The first issue of Ta-Nehisi Coates and Brian Stelfreeze’s Black Panther was published yesterday, and it was one of those rare moments — like the time DC Comics killed Superman, back in the 1990s — when people who never go to comic book stores suddenly care about a single issue of a comic 1. The staff at Phoenix Comics yesterday estimated that they’d be sold out of all five dozen copies of the comic on their shelves by the end of the day. (That number doesn’t even include the issues that regular Phoenix customers like myself had reserved months ago.) Clearly, Black Panther is pulling new and long-since-lapsed readers into comics stores, a feat which not even a seemingly relentless onslaught of comic book movies can manage.
With all due respect to Stelfreeze, who is one of the best cover artists in superhero comics, those sales are due to the fact that everyone is anxious to see how Coates does with a new medium. Readers expecting a superheroic sequel to Between the World and Me — whatever that would even look like — will be disappointed. Coates has indicated repeatedly that he’s a lifelong fan of Marvel Comics, and that he’s interested in writing a superhero comic.
And so Black Panther is a superhero comic, through and through. It opens with a big fight, packed with laser blasts and super-powers and costumes. It’s dramatic, even operatic, and it’s a lot of fun to read. But even Coates at his nerdiest is still Coates, and his day-job interests are on display here: politics, race, violence, capital punishment. Even the plot seems of-the-moment for a United States whose political structures are hemorrhaging themselves to pieces: the Black Panther is a king of a high-tech African nation called Wakanda, but after years of turmoil his people seem ready for a new ruler.
Like some of the best superhero comics, Black Panther proudly waves the banners of its influences: Kanye West lyrics, tributes to other comics creators, elements of Afrofuturism. Coates is slathering the pop culture on thick, here, and it’s delicious. He's especially gifted at dialogue; the economy of word balloons and captions often escapes writers more used to the vast expanse of prose, but the words on the page in Black Panther strike just the right mix of portentousness, exposition, and brevity. Here’s the Black Panther’s internal monologue from early in the issue:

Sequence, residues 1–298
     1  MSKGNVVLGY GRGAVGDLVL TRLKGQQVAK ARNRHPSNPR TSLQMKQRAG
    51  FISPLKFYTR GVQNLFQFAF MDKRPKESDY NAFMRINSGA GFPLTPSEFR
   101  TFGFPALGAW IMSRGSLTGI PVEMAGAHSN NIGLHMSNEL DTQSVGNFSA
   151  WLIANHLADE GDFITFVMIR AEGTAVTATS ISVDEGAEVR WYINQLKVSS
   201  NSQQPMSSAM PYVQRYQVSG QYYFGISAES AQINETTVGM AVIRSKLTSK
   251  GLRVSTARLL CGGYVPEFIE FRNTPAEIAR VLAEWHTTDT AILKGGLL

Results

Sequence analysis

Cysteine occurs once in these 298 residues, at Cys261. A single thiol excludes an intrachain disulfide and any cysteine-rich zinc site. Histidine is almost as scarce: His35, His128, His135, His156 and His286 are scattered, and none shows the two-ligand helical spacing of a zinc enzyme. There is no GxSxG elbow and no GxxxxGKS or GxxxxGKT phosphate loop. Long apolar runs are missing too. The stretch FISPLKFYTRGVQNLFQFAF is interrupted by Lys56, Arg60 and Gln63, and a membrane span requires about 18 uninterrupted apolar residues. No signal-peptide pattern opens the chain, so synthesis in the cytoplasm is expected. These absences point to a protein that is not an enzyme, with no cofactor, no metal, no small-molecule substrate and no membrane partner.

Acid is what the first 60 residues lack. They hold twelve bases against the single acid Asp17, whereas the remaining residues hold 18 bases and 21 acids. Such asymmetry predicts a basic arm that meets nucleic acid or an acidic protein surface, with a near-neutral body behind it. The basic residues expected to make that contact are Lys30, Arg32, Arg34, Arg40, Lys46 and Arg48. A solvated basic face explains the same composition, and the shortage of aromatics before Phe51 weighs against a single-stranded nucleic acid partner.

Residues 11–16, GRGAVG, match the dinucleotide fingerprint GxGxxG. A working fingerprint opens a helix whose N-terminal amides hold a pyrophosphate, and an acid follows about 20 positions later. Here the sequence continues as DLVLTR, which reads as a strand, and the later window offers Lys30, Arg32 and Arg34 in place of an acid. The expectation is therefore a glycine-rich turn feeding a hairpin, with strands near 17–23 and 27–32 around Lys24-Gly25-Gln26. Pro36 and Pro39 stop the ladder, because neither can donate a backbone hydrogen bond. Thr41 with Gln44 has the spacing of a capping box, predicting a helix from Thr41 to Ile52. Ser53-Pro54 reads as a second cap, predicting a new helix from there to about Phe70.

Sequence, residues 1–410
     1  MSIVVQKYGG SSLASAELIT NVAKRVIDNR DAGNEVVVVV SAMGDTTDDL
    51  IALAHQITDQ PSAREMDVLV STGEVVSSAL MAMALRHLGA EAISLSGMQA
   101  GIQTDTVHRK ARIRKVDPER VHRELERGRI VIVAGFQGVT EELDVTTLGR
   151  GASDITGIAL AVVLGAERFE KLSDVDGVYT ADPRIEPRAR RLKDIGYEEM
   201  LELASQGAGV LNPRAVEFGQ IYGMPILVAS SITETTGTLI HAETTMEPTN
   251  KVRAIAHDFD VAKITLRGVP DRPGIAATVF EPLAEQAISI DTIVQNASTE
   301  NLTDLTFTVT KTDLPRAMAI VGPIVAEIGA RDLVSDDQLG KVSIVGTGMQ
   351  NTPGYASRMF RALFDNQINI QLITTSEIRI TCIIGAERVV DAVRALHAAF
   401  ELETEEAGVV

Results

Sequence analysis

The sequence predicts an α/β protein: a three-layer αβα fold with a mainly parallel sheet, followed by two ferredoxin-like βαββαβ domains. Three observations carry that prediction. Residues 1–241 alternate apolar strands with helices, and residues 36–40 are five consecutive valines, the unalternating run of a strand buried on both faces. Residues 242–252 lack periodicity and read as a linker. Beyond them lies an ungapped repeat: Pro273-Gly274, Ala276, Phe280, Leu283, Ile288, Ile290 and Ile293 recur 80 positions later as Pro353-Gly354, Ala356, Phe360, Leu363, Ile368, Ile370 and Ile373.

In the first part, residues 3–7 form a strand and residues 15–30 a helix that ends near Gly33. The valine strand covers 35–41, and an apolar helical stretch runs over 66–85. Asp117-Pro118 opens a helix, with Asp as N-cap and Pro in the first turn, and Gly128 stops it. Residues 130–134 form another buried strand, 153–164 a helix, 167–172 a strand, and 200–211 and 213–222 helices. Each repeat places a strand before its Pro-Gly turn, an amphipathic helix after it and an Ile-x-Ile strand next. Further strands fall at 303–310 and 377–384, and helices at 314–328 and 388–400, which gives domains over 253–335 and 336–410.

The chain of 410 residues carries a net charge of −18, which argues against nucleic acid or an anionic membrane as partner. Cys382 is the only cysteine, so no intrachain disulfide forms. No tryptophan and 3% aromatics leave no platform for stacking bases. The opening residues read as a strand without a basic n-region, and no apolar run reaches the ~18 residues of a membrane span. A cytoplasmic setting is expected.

I came here to praise the heart of my country, the vibranium miners of the Great Mound. For I am their king and I love them as the father loves the child.
But among my children, all I found was hate.
The hate spread.
And so there is war.
You can practically hear the soundtrack ramping up behind those words (Brum-BAUMM!!!!) It reads like Stan Lee-style overblown dialogue, but with more natural poetry to it. The cadence has a majesty, a foreign rhythm, and the condescending tone — thinking of his citizens as children — indicates that perhaps the insurrection has a point to it. Those few words do a lot of work.
And so does Stelfreeze’s art. It’s been years since I’ve seen Stelfreeze do the interior of a book, and I missed his skill at storytelling. Take those first few pages where the Panther faces a crowd of angry Wakandans: every aspect of the melee is laid out plainly. Actions have consequences that we can see, and it’s possible to follow faces in the crowd throughout the fight. Later in the issue, Stelfreeze’s designs for Wakanda incorporate a whole host of visual vocabularies — African art, Egyptian design, weird Jack Kirby technology —to create a corner of the Marvel universe that we’ve never seen before.
In the end, Black Panther has to be one of the strongest first issues from a superhero comic publisher in a long time. It doesn’t feel too slight, or too weighty. It’s a ridiculously stylish package, with production values that put most of Marvel’s other output to shame. And it firmly situates a long-standing Marvel character into his own corner of the world, finally giving him a role and a purpose and a voice after years of disuse. This is what superhero comics should be doing all the time: crafting cultural moments around unique characters who resonate with the politics of the day.
It will be interesting to see what new comics readers make of Black Panther. They might not know that you should read the comic over a few times in order to fully appreciate it. The advertisements spread throughout the issue might prove to be too jarring for them. They might consider the years of backstory to be off-putting, rather than intriguing. In fact, a good portion of prospective Black Panther readers should probably wait for the trade paperback to come out this fall, because collected editions tend to be closer to the traditional reading experience than monthly episodic comics. ↩